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2009 VH-1 Hip Hop Honors Recap
Posted by Emanuel Wallace at Tuesday, October 13th, 2009 at 10:00PM :: Email this article :: Print this article



Hip Hop Honors Logo 

On Tuesday, October 13, 2009, VH-1 aired its 6th Annual Hip Hop Honors show. In the past the honor has gone to acts that range from the Sugarhill Gang to Public Enemy to MC Lyte to A Tribe Called Quest. This year's show was a bit different because there was only one honoree: Def Jam Records. The pioneering label is celebrating its twenty-fifth anniversary this year and VH-1 saw fit to recognize the feat.

The show opened up with host Tracy Morgan and his best (or worse) Baptist minister routine, outlining some of the history of Def Jam and the evening's theme, which is honoring Def Jam Records. Being one of the first artists signed to the label, it was only fitting that LL Cool J was the first to kick off the reflective commentary, speaking about how he got his deal and the process of creating his first song. The Roots and a "special guest" do a rendition of "Rock The Bells". As it turns out, the "special guest" was in fact Eminem, which drew a uproarious round of applause from the crowd. Throughout the course of the broadcast, there would be several more documentary style clips of various people talking about the Def Jam way of life including Russell Simmons, Rick Rubin, Lyor Cohen, and Kevin Lyles among others spliced between the performances.

There were performances that spanned over Def Jam's 25 years of existence. DJ Jazzy Jeff and The Roots backed Public Enemy and the StreetSweeper Social Club in a performance of "Rebel Without A Pause". In a pairing of mentor and mentee, Scarface and Ludacris performed "Guess Who's Back" and "Southern Hospitality". KRS-ONE, Wale, and Gym Class Heroes put a new age spin on the Beastie Boys' "No Sleep 'Till Brooklyn". The Regulator himself, Warren G performed his 1994 hit song "Regulate" with Trey Songz filling in for Nate Dogg, who I would assume is still recovering from the two strokes he's suffered in recent years.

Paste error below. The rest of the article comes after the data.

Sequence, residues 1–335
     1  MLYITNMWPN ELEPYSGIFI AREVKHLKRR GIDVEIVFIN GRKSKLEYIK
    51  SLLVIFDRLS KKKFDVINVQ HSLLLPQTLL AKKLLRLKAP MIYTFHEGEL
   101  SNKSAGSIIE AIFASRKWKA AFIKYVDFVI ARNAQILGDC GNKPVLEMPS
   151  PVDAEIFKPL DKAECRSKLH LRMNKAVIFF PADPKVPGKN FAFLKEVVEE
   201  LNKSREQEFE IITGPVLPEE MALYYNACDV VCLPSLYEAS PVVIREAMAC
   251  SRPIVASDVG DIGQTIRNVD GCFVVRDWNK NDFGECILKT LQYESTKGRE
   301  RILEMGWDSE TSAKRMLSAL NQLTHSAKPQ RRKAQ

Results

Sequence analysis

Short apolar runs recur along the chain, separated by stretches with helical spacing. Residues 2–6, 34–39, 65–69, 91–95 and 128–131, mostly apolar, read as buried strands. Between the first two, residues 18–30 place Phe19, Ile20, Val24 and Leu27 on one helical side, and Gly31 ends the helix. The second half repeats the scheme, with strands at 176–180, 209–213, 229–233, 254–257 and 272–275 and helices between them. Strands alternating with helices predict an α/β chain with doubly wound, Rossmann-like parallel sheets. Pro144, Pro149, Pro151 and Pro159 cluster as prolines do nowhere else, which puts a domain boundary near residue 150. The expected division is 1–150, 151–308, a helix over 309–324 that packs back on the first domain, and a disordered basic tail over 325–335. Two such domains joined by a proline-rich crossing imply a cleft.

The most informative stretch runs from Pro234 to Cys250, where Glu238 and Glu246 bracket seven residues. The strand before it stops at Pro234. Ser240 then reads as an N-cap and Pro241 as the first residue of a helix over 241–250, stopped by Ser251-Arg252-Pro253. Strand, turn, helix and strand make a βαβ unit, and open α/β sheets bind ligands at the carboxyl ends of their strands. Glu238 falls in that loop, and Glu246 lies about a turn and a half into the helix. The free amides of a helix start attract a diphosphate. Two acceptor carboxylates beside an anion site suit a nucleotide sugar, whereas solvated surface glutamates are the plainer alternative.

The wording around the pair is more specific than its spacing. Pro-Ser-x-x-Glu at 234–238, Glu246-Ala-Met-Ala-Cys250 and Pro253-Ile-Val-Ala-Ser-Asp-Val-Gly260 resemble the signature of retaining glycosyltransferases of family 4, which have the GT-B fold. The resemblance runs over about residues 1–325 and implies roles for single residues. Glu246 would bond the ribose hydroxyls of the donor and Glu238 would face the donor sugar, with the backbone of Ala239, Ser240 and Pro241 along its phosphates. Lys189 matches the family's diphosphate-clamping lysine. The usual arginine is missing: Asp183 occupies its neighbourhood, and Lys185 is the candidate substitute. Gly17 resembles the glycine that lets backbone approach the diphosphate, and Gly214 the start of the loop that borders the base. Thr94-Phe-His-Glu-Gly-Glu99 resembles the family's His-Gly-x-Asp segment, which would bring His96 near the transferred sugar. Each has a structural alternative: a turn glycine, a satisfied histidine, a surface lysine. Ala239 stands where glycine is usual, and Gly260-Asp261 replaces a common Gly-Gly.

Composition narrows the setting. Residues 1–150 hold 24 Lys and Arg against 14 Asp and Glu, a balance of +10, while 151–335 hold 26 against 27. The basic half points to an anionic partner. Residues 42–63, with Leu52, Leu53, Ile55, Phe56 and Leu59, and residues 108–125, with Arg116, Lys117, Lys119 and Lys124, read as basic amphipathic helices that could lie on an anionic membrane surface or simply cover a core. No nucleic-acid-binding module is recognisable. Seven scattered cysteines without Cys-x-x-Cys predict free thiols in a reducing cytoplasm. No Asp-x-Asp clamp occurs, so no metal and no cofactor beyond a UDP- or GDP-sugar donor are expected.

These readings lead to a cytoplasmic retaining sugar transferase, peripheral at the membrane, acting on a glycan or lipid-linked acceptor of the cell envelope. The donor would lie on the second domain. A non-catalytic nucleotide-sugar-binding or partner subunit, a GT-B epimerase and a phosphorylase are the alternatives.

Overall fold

Film and music video director, Brett Ratner shares a funny story about the shoot for Redman's "Tonight's Da Night" video where he calls Ratner's mother a hoe and tells him to use her in the video, which leads into the performance of Red and Meth's "Da Rockwilder". The chemistry between the two is always apparent in their live shows, and this time was no different. After a quick wardrobe change, Meth came back out and went into his hit "I'll Be There For You" with Mary J. Blige. Onyx hit the stage to perform a guitar-heavy (perhaps too heavy) version of their 1993 hit, "Slam". Ja Rule dug his way from underneath the rock of obscurity he's been under to team up with Ashanti to deliver a quick 1-2 punch of "Down Ass Chick" and "Always On Time"

The legendary (and I use that term loosely) Oran "Juice" Jones showed up to belt a few bars from his 1986 song, "The Rain". For the benefit of those of you scratching your head and wondering why, Juice was signed to OBR Records, which was a subsidiary of Def Jam that catered to R&B acts. I believe I was flashed during a wardrobe malfunction (or two) when Rick Ross came out and performed his 2006 breakout single, "Hustlin'". During the late 90's, one of the biggest artists Def Jam had was DMX. It was good to see the Yonkers MC up on the stage and rapping his "Party Up (Up In Here)" song from 1999's "...And Then There Was X", but I think it would have been better if he'd gone with "Ruff Ryders Anthem" or "Get At Me Dog". The Roots and DJ Jazzy Jeff backed up Kid Rock, EPMD, Foxy Brown & Fabolous, Ghostface Killah & Chrisette Michele, and Wale as they closed out the show with a medley of "I'm Bad", "Crossover", "I'll Be", "Back Like That", and "Touch The Sky" respectively.

Honestly, I think the show could've gone on longer. There was no mention of 3rd Bass or Slick Rick. More time could've been dedicated to the R&B acts of the past like Dru Hill and Montell Jordan. In the aftermath of the show, I read a few gripes about the distribution of stage time on a few social networks (e.g. why did Ross get more time to perform than EPMD?), and also about the absence of certain artists (e.g. where's Jay-Z?). For the record, I believe he's out on the road, and the powers that be probably think more people would rather see Ross and his side-boob action than Erick Sermon and Parrish the Microphone Doctor. Aside from that, I'd say the show was entertaining. There was no real opportunity for anyone to have a Kanye West moment, and I'm assuming the security was tight enough to keep any would-be Lil Mama's off the stage. It's nice to be able to look back on the accomplishments of a hip-hop record label while they are still in existence. Twenty-five years and counting. Hopefully with the proper leadership, Def Jam will continue to stick around for another twenty-five years.



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